Title: The Monk, the Moor and Moses Ben Jalloun
Author: Saeed Akhtar Mirza
Publisher: Fourth Estate, Harper Collins India
Genre: Literary Fiction
Sometimes you need to get rid of the pre-conceived notions and look at things differently. We need that so much as we tend to just think and believe what we have been taught or raised on. The ideas we grow on or read and take them to be true without questioning. That maybe is the biggest disease of our time and age.
I had not known of Saeed Akhtar Mirza before reading Ammi: Letter to a Democratic Mother. His first book is something else. A chronicle of religion, love, the simple life gone by and about his mother. Then I realized that he is also a film-maker, but that is a different story altogether.
“The Monk, the Moor and Moses Ben Jalloun” is his second novel and a book which I would recommend everyone to read. The book is about a history deliberately forgotten and tracks of it covered so no one can uncover the truth. There are two parallels to the story. One takes place in an American University in 2008, where four students from varied backgrounds and cultures set out to discover the truth, to understand how the past affects the present and the future sometimes. This essentially is about uncovering so called Western Epics (Literary, Philosophical, Medical and Scientific) whose roots are essentially found or taken from Islam manuscripts. The search starts because of a statement made by a Senator at the beginning of the book during a political rally, about how Obama is a not an Arab, but a decent American Citizen and that is viewed by Omar and his three friends on television.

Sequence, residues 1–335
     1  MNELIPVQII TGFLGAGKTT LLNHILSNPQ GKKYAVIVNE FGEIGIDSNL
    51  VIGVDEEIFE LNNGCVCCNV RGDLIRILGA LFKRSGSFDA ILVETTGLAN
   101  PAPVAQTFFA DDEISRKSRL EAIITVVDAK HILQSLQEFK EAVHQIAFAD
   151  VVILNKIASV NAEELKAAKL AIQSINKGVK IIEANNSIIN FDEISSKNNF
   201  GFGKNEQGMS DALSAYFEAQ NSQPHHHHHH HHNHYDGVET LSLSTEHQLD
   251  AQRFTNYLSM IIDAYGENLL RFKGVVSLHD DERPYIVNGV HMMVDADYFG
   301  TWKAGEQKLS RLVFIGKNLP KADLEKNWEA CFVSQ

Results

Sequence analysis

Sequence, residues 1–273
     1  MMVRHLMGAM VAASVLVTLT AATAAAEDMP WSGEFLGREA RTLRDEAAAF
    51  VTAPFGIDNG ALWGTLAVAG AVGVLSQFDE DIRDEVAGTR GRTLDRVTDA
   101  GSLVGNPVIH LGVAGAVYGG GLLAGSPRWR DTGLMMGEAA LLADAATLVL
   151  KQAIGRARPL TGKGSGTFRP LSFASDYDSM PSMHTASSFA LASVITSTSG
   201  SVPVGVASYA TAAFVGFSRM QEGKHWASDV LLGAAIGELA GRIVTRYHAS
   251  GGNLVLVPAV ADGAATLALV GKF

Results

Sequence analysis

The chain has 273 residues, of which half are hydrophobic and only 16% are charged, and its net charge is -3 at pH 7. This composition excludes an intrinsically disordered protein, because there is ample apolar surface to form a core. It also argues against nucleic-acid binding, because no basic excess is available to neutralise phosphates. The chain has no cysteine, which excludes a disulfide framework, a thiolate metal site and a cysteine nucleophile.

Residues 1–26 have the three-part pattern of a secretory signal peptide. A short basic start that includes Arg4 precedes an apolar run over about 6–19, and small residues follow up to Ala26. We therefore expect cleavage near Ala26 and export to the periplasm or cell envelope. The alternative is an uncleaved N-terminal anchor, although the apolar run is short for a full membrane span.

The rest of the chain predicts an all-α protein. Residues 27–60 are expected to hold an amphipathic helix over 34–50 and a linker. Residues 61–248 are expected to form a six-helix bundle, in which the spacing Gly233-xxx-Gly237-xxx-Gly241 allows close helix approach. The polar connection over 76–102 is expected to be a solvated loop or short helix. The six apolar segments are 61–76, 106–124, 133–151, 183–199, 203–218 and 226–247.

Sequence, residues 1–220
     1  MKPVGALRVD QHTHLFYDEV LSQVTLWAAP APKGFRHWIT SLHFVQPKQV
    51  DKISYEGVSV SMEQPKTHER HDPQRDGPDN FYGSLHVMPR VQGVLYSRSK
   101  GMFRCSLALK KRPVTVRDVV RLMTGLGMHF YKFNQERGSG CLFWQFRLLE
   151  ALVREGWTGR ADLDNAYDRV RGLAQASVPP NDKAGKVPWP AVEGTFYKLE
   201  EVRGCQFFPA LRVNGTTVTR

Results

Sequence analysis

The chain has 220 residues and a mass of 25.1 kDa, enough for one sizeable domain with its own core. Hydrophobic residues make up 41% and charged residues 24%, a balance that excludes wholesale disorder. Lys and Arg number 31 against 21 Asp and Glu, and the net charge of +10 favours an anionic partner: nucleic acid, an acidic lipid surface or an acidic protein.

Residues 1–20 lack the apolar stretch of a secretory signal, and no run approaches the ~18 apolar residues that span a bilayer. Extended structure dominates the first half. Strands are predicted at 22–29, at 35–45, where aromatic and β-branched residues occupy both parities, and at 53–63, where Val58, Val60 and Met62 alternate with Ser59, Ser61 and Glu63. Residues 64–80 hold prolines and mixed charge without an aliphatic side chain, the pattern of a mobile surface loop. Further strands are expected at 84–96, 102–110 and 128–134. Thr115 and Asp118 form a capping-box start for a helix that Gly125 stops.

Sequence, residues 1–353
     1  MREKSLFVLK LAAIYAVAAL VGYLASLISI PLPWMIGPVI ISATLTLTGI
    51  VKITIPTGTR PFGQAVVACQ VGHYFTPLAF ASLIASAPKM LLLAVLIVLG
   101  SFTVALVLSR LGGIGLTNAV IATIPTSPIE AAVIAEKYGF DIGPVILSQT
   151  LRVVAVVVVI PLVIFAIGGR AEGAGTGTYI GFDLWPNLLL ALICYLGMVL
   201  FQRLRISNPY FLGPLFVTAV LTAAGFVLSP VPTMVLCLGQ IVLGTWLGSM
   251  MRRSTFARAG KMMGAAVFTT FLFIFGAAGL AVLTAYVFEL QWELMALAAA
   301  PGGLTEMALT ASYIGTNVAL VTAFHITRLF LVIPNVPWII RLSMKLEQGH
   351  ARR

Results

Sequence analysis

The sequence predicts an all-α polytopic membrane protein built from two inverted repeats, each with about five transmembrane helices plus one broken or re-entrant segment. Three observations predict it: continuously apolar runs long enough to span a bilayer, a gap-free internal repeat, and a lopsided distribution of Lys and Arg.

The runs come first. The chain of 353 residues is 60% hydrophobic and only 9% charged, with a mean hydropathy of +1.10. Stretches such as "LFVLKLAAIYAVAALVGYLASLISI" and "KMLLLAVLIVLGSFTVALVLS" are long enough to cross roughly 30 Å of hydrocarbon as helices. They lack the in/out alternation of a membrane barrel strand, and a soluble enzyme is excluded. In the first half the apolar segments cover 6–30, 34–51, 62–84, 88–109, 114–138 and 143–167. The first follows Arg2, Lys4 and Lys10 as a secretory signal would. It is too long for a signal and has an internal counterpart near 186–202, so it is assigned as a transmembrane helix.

The second track of the novel is the tale of Rehana – an Iranian from the eleventh century and her quest to learn from her husband, who is an older man of philosophy, sciences, and art. The need for her to question everything in sight and finding answers from her husband and people around her.
The book makes you realize that sometimes we are so ignorant of events taking place or that already have around us. It isn’t a religious treatise. It is just uncovering aspects of the past which we are unaware about (it could be true or not), or it could be a possibility of truth, which the author is trying to convey through this book. Saeed Akhtar Mirza dismantles the past and brings to us in its pure form – the way Europeans think how the modern world was built and what actually the truth could have been or is. For instance, how Algebra as a word was coined or who was of the opinion that light was made of particles, years before Newton could discover that. These facts were hidden or not sought after is because during those times and in that age, everything Islam was looked upon with suspicion and that is at the core of this book. The premise begins with the assumption that Dante Aligeri’s Divine Comedy, one of the cornerstones of classical European poetry might have stolen its idea and form from a book written by Prophet Muhammad himself.
The writing as was in the first book is brilliant and lucid. The future cannot exclusively belong to one religion or sect or community – it is a collective effort and sometimes more so individual efforts. Sadly, we still think and feel that way sometimes and that needs to change, which is brought about beautifully through this book. I thoroughly enjoyed this book and it also got me thinking of how the world could have been created and where did ideas come from. Read it. You will not regret it.